Scientists have confirmed the cosmic origins of mysterious particles that can pass through miles of Antarctic ice without a scratch.
When a star collapses into a supernova, the core becomes so hot and dense that it unleashes an outburst of high-energy, low-mass particles called neutrinos. Neutrinos are so nimble and slight that they can pass through all kinds of cosmic obstacles—including stars, planets, magnetic fields, and clouds of interstellar dust—to arrive at Earth in much the same condition as when they first formed.
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Millions of neutrinos bombard Earth on a daily basis, flitting through its dense matter like phantoms and continuing on through space. But despite their abundance, neutrinos are exceedingly difficult to study, partially because they leave almost no trace, and partially because they get drowned out by a flood of other types of subatomic particles. Recently, scientists succeeded in detecting the cosmic particles at the IceCube Neutrino Observatory. The Observatory has a cubic-kilometer-sized detector with thousands of optical sensors, buried 8,000 feet beneath the South Pole.
Neutrinos themselves, being nearly massless and uncharged, leave almost no evidence of their presence. On the rare occasion that they meet head-on with other particles, they spawn secondary particles called muons that can flash through solids—ice in this case—at the speed of light. The detector can sense these muons by picking up the ripples of light they leave in their wake, called Cherenkov radiation. The waves of radiation also reveal the direction the neutrinos were travelling in.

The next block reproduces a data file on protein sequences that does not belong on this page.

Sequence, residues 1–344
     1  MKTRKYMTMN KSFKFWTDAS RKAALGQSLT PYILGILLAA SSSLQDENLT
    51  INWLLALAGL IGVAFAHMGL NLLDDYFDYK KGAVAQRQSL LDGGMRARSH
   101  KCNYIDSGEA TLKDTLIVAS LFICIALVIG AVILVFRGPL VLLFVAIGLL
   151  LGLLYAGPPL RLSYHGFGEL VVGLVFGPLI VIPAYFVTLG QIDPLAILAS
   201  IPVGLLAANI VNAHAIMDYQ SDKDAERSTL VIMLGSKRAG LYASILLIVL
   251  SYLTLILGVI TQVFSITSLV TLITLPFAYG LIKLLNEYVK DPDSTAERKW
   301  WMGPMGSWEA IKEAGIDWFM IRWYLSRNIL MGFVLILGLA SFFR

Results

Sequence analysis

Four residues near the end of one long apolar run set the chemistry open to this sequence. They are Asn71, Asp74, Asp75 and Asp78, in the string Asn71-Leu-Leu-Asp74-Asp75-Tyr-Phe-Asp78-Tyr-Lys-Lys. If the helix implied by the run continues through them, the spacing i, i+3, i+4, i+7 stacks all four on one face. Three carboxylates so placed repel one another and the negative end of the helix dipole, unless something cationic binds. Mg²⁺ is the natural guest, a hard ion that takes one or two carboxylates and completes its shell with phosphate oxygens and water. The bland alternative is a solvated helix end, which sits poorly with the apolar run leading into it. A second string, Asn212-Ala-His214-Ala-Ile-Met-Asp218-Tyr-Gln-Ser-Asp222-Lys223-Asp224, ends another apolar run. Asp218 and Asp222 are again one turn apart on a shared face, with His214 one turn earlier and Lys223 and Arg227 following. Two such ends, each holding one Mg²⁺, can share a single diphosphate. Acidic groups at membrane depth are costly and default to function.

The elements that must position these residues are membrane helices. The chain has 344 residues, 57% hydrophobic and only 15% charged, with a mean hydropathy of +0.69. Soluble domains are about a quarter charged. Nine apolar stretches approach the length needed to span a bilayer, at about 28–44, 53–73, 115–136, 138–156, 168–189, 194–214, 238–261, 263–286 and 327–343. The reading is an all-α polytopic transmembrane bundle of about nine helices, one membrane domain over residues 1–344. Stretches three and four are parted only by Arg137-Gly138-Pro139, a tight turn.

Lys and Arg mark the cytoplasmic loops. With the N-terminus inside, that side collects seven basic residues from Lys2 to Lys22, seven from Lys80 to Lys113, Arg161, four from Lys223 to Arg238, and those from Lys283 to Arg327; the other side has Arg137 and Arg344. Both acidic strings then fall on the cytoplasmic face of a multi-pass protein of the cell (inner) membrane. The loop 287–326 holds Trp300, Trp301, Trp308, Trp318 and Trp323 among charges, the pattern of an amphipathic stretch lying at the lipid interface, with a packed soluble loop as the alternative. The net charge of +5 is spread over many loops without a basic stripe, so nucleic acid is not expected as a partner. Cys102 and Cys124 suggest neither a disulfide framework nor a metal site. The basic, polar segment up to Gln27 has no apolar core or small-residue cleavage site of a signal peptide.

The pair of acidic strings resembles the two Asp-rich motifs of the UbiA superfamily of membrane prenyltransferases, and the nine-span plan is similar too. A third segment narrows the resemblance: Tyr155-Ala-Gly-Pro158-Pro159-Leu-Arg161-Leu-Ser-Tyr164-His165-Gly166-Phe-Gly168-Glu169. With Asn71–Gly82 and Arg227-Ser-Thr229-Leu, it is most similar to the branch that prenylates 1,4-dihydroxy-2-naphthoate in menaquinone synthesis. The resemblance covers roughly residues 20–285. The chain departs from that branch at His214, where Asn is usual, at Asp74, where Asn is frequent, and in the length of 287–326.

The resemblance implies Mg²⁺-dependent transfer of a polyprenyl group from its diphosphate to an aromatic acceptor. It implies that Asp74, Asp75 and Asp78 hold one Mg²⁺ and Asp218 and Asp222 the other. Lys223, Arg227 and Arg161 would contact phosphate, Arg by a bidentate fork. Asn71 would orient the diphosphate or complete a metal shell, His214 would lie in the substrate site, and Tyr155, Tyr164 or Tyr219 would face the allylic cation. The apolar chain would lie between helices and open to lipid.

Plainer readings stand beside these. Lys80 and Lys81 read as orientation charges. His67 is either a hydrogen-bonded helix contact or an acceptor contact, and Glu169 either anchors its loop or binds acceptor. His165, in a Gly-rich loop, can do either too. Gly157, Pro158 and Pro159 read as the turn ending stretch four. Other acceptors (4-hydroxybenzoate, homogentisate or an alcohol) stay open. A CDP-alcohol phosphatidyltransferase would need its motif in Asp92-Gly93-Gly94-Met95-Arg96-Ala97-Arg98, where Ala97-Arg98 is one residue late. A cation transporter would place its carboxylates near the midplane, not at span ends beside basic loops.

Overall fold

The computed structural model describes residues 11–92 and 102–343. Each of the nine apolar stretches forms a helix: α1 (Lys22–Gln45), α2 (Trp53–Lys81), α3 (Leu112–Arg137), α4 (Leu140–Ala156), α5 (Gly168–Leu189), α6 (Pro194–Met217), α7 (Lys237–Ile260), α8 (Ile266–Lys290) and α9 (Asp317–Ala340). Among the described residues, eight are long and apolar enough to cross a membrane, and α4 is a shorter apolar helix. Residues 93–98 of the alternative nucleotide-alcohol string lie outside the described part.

To single out the muons derived from true cosmic neutrinos, the detector points down into the ground towards the North Pole, to receive signals from the Northern Hemisphere’s sky. This way, the Earth’s mass acts as a filter to block out the background noise of muons created from other sources—when cosmic rays clash into the planet’s atmosphere, for example.
“Looking for muon neutrinos reaching the detector through the Earth is the way IceCube was supposed to do neutrino astronomy and it has delivered,” said Professor Halzen, the principal investigator of IceCube, in a statement from the University of Wisconsin-Madison.
Physicists already knew that neutrinos can form from local sources, such as the sun. When they first discovered the influx of neutrinos in 2013, they presumed most of those neutrinos formed within our solar system, or perhaps somewhere nearby in the Milky Way. But this recent study found that 21 of those initially detected neutrino-related events had high enough energy levels to hint at origins beyond our galaxy. These muon neutrinos came at Earth from all different directions at similar rates, which indicates they formed from high-energy phenomena outside the Milky Way—perhaps even as long ago as the Big Bang.
However, the random trajectories of each muon neutrino prevents scientists from determining any single point source. In addition to a star’s collapse into a supernova, other naturally-made accelerators can generate neutrinos; for example, when galaxies forge new stars at rapid speeds, or when a black hole at the center of a galaxy agitates atoms into higher-energy collisions. Further analysis of the neutrinos’ voyages will point the way to these high-energy cosmic phenomena, and may answer deep questions about the physics of the universe.